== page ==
There is a lot of solid gameplay waiting in DFO, and you can spend hours grinding to get rare items, gear sets, or to simply stock up on healing items before a challenging dungeon crawl.  With the old-school graphics, all it takes is an Internet connection and a computer with a pulse.  And this 2D brawler comes with a story.

The world of Arad unfolds through 'Epic' quests, letting you find out ever greater sources of trouble as you level towards 50.  While not as epic as some other MMOs out there, every task gives you something to keep you engaged as you clobber your 384th dragonling, 616th goblin or grind through a dungeon to take out a boss for the fourth time to rack up boss kills for a quest!  Tedium isn't a big issue, surprisingly, thanks to some satisfyingly destructive abilities.

Dungeon Fighter Online also has a commmunity aspect to it. The simplest form is joining a party to go dungeon crawling with. All it takes is a click or two, with the built-in treasure balancing and Noob-o-Meter minimizing power-leveling, ensuring no one can ride the coattails of a super high-level buddy for long.  You can also form guilds if you get motivated, or face other players in PVP for Victory Points, which can be spent on special items.  You've even got gold merchants to put up with, for the full MMO experience!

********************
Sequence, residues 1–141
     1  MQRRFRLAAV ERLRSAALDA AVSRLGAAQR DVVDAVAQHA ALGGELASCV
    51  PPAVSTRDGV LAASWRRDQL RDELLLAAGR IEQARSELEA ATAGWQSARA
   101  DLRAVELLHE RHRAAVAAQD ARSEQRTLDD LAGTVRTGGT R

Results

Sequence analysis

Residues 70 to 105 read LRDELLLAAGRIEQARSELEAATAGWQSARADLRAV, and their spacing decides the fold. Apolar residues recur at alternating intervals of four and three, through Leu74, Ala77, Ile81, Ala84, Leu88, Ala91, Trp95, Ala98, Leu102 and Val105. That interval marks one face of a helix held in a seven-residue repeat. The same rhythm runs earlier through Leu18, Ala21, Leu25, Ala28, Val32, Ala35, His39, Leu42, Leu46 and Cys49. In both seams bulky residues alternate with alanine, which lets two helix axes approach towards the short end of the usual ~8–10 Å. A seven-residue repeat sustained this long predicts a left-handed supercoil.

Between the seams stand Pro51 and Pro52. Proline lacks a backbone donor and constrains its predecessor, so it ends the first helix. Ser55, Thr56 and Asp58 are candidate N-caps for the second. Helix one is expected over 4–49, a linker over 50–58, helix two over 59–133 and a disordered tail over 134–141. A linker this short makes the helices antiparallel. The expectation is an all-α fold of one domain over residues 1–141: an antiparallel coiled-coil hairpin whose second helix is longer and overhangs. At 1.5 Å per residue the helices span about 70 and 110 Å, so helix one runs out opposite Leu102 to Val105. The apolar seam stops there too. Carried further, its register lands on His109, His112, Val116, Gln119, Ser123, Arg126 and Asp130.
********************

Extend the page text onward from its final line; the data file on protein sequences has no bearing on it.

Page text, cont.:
So, while DFO is free to play, it has a wide range of things you can only get via spending real money on micro-payment items. Some of these are optional, like avatar hairstyles and hats, while others are more gameplay-centric, like paying to get a bigger storage locker for stuff you don't want to carry around, or clothing that gives in-game benefits. You can also buy tokens that basically give you extra lives, letting you hop back onto your feet when the monsters get the better of you! These really add to the feeling that the game is there to be beaten and, if your mad skills are a bit lacking, you can make up for it with a couple bucks here and there.

For those waiting for Diablo III, the bottomless pit of monster-bashing and power-ups that is Dungeon Fighter Online should tide you over quite nicely. It might even get you hooked.  Nexon has had plenty of time to test the Western waters, leading up to an official launch on June 9 -- that'd be tomorrow. The Korean-based company, known for cutesy games, deviated a bit from the familiar path in creating DFO, evidenced by the entire game's overall design.  The action is solid, there are plenty of powers to load up on and unleash onto hordes of monsters.  The question is, with the temptation to dip into your wallet for some Nexon cash to buy upgrades nibbling at your toes as you play, how long will Dungeon Fighter Online really be free for you?